Subject: Re: simple lisp interpreter
From: (Rob Warnock)
Date: Fri, 07 Sep 2007 19:10:49 -0500
Newsgroups: comp.lang.lisp
Message-ID: <>
George Neuner  <gneuner2/> wrote:
| I think we're talking at crossed purposes and we should probably stop...
| One thing I would like to say though before we stop: the original
| poster asked a theoretical question ... whether Lisp (he did not
| specify CL) was LL(1).  The answer to that is "no" regardless of
| whether readtable processing is considered - some of the basic (I want
| to avoid the word "standard") language forms are not LL(1).
| Also, I was not discussing CL in particular but rather sexpr based
| languages which resemble Lisp in notation.

As you note, it is possible even in non-CL sexpr-based languages
that some of the basic forms might not be LL(1). E.g., consider a
hypothetical dialect of Scheme which adopted John Foderaro's IF*[1]:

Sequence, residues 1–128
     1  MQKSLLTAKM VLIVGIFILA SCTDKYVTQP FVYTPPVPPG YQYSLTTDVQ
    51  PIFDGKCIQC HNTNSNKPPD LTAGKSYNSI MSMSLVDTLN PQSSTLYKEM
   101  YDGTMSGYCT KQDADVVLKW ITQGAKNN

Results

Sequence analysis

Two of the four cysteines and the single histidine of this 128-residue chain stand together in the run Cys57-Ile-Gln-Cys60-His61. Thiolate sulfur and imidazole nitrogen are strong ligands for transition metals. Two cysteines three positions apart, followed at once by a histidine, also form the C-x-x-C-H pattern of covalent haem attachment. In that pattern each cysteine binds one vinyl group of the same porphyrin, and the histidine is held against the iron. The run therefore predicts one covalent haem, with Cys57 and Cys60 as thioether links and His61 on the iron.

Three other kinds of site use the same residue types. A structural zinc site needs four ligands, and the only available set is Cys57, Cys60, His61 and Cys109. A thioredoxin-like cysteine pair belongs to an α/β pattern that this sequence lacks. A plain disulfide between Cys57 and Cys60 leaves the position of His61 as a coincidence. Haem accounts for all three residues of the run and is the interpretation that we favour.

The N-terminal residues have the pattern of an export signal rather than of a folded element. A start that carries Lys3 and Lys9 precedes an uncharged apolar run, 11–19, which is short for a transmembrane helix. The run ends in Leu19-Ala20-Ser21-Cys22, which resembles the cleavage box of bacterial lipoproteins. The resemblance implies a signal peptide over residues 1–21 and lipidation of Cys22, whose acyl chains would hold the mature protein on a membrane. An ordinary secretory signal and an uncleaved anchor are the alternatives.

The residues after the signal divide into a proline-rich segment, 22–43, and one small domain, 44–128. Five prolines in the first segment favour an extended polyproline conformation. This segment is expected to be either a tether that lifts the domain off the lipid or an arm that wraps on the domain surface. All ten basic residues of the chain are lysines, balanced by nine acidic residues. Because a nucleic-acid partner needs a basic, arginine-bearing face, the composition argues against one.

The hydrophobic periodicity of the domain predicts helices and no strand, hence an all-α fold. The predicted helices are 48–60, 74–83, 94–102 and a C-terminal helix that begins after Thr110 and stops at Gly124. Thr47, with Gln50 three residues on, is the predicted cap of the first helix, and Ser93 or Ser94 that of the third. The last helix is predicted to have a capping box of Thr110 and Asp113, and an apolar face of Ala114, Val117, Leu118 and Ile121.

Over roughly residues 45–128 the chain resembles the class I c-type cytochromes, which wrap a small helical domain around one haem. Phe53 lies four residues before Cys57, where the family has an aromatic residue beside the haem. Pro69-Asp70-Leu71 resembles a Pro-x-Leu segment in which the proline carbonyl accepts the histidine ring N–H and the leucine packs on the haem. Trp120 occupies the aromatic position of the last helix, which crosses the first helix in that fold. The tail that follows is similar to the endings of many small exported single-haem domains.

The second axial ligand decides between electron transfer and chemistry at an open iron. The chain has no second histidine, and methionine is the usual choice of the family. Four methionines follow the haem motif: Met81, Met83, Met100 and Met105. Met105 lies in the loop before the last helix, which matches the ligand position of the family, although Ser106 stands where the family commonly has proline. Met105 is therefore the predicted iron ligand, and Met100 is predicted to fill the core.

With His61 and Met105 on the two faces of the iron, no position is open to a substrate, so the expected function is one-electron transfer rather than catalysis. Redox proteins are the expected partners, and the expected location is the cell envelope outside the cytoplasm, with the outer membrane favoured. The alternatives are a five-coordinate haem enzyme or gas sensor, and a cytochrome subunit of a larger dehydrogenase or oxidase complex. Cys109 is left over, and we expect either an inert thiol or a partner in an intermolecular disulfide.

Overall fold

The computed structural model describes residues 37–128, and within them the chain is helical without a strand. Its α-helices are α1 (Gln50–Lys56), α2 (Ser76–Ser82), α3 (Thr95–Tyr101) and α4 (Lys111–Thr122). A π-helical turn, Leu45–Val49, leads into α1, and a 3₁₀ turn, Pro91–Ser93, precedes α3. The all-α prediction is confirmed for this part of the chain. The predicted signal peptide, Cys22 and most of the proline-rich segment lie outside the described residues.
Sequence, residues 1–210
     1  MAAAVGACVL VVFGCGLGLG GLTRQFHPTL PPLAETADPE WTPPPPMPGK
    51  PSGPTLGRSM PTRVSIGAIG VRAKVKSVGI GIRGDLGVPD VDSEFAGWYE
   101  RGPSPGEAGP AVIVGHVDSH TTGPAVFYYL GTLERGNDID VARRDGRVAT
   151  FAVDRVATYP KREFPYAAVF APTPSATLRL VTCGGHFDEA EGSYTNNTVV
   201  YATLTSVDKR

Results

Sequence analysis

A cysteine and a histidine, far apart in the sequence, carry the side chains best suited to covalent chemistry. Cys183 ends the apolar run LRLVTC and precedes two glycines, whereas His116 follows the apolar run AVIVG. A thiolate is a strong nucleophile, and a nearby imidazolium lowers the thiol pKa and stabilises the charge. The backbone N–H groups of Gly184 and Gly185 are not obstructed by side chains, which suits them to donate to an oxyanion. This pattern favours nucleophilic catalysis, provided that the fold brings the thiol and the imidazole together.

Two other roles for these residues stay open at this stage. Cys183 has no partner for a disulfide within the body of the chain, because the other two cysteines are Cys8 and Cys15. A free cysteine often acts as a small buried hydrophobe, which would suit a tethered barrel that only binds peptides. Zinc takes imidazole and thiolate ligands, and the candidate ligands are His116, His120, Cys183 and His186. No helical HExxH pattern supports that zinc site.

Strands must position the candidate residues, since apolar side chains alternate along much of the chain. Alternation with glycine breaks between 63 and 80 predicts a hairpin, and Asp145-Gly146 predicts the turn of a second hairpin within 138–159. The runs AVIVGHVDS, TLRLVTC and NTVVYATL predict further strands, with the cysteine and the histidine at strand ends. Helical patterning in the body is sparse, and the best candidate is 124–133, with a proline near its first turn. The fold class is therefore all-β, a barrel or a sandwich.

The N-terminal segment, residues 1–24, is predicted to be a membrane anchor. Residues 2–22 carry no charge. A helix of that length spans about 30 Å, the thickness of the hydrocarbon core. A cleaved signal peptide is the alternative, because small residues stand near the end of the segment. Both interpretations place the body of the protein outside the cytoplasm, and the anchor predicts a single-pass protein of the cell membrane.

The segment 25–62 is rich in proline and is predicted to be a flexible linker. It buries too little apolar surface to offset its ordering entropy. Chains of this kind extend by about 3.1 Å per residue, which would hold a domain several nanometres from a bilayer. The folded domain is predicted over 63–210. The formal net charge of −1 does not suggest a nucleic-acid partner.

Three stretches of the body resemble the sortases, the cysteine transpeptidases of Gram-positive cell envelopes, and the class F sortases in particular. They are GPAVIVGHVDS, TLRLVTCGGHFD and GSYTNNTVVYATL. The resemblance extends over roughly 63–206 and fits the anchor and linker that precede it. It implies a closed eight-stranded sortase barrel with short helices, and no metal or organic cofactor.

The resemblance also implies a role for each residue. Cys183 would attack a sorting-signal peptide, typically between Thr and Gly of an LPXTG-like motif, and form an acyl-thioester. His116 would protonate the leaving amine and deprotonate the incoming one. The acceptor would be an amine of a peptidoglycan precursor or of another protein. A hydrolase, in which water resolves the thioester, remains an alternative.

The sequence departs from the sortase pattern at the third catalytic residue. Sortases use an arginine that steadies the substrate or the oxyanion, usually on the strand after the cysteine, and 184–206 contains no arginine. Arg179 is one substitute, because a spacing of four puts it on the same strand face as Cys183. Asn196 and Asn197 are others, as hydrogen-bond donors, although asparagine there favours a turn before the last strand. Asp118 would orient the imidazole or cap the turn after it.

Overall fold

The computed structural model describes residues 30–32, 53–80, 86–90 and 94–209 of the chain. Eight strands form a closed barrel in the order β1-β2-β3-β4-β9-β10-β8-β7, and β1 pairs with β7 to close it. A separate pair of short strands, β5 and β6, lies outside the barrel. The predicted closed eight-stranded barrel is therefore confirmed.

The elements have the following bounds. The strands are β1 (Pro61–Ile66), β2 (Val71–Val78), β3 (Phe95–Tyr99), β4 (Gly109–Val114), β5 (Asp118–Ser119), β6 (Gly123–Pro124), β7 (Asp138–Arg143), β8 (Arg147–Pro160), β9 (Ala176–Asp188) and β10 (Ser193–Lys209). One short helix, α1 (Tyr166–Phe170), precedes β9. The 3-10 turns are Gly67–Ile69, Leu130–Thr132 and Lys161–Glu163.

(if* <predicate>	; [I don't know where the THENRET fits in.]
      then <form>...
      elseif <form>...
      elseif <form>...
      else <form>...)

I don't think this is LL(1), yet a simple recursive-descent parser
can handle it easily.

On the other hand, is there anything in Standard Scheme
[either IEEE or R4RS, take your pick (I'm not sure about
whether R5RS macros break this or not)] that isn't LL(1)?
Or at least LL(n) for *small* "n"?



Rob Warnock			<>
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